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Journalling and teaching



Before this year started, I imagined something entirely different for it. This was going to be my year of aimless creativity – I was going to set up an artist’s studio in my (leaky) garage, I was going to spend time in the garden and on my sewing machine. I was going to achieve a state of blissful zen, in tune with the universe, not racing to complete my next big project, instead hoping the perfect project would organically present itself thanks to my daily creative practice.

Of course – of course! – it didn’t turn out that way. I did lots of headless chickening about, finishing big projects. My Masters of Design. My graphic memoir. Various freelance jobs. I took on some more freelance jobs – a tutoring position at Massey, a social media role for a literary festival. I looked after my kids, I did the shopping, made the appointments – you know how it goes. In my downtime, rather than meditatively drawing in my journal, I tried to read the entire internet, and watch stuff on Netflix. I read some books, but not as many as I might have done if I didn’t have an OCD relationship with my phone.

Last night, in between trawling Twitter, I was reading Lynda Barry’s Syllabus. Do you know Lynda Barry? She is amazing. She takes a course, What It Is, about writing and drawing. I would love it if she came here to take it. You don’t have to draw to take it – in fact, she celebrates the spontaneous drawing that comes from students who haven’t tried to draw since primary school. As part of her homework, she makes her students write in their journals for four minutes. I thought I can do that. Four minutes takes the pressure off. The reason why I don’t journal is because I imagine that it takes too much time. That’s also the reason why I don’t draw regular comics anymore. But I think something wonderful happens when you do. All the little fragments add up to something – a narrative of your life, a net to catch all those encounters and observations that seem so profound at the time but then evaporate into nothing in your brain.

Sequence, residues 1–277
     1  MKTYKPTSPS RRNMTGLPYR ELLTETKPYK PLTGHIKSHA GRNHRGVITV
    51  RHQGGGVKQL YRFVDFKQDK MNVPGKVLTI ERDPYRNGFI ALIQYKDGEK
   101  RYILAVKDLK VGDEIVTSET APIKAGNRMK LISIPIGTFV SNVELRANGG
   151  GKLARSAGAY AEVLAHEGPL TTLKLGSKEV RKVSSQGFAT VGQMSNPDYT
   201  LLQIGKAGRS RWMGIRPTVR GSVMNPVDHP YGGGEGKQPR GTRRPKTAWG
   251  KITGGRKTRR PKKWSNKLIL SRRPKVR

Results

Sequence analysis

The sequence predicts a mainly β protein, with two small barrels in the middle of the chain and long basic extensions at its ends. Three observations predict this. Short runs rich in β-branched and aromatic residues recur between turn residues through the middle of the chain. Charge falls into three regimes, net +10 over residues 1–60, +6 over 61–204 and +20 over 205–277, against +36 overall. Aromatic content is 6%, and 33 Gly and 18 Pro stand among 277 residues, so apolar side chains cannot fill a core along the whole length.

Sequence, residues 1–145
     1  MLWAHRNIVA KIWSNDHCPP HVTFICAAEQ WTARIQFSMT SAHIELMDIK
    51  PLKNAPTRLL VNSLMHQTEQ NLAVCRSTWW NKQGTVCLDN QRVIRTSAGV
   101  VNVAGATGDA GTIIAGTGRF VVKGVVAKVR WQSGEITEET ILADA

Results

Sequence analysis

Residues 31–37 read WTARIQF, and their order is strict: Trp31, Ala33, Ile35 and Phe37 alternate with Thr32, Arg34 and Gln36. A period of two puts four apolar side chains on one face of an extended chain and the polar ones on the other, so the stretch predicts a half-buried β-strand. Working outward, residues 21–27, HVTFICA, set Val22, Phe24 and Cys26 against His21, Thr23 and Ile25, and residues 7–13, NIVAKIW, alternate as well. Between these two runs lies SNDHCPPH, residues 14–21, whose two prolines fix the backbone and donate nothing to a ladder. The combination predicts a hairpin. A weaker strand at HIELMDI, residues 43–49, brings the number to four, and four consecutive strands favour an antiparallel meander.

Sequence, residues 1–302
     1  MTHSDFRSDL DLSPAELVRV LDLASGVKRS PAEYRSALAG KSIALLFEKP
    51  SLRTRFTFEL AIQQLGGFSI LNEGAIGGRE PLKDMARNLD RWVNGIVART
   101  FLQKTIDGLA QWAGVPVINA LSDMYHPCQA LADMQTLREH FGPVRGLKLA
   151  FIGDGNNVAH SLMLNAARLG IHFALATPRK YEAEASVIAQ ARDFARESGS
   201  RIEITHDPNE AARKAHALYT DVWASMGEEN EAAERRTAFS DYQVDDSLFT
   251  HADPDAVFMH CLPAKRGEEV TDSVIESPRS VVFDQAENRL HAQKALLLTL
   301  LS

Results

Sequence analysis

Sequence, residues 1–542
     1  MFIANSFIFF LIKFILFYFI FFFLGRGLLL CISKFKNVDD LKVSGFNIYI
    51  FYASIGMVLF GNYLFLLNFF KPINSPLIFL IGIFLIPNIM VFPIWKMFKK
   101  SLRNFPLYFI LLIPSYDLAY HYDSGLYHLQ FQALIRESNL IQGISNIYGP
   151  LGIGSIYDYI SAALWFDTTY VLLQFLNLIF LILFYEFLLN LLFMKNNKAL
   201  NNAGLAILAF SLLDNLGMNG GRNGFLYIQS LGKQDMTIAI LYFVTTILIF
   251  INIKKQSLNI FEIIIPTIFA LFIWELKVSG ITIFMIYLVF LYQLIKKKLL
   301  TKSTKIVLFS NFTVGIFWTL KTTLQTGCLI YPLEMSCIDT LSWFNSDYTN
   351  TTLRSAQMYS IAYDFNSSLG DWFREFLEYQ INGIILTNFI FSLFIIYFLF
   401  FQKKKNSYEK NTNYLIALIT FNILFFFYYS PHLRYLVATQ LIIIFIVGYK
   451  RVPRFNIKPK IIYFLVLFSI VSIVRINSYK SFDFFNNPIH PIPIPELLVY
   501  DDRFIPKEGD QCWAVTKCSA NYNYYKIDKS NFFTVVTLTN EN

The other reason why I was reading Lynda Barry was because I have to take a workshop this weekend, in Auckland, with the incredible cartoonist Toby Morris. To be honest, I’d prefer to sit in the audience and be Toby’s student. Our workshop is called The political is personal: autobiographical and political comicsIt’s part of a whole weekend of workshops about writing and publishing and trying to make it in the book world. I think it’s going to be amazing, and I’m looking forward to having a little micro-break away from my domestic reality.

5 Comments leave one →
  1. Sarah permalink
    13/09/2016 12:30 pm

    Four minutes is awesome. As are projects like 100 days. Levers and frames really help, eh?

    • Sarah Laing permalink*
      13/09/2016 7:15 pm

      Absolutely! And remembering that a little bit each day eventually makes quite a lot! This is something I am always forgetting

  2. David Geary permalink
    14/09/2016 5:04 am

    Lynda Barry rocks! Just reading The Freddie Stories… essential stuff:

    • Sarah Laing permalink*
      14/09/2016 1:34 pm

      I haven’t read those – will put them on my list


  1. Journalling and teaching — LET ME BE FRANK – albspirit

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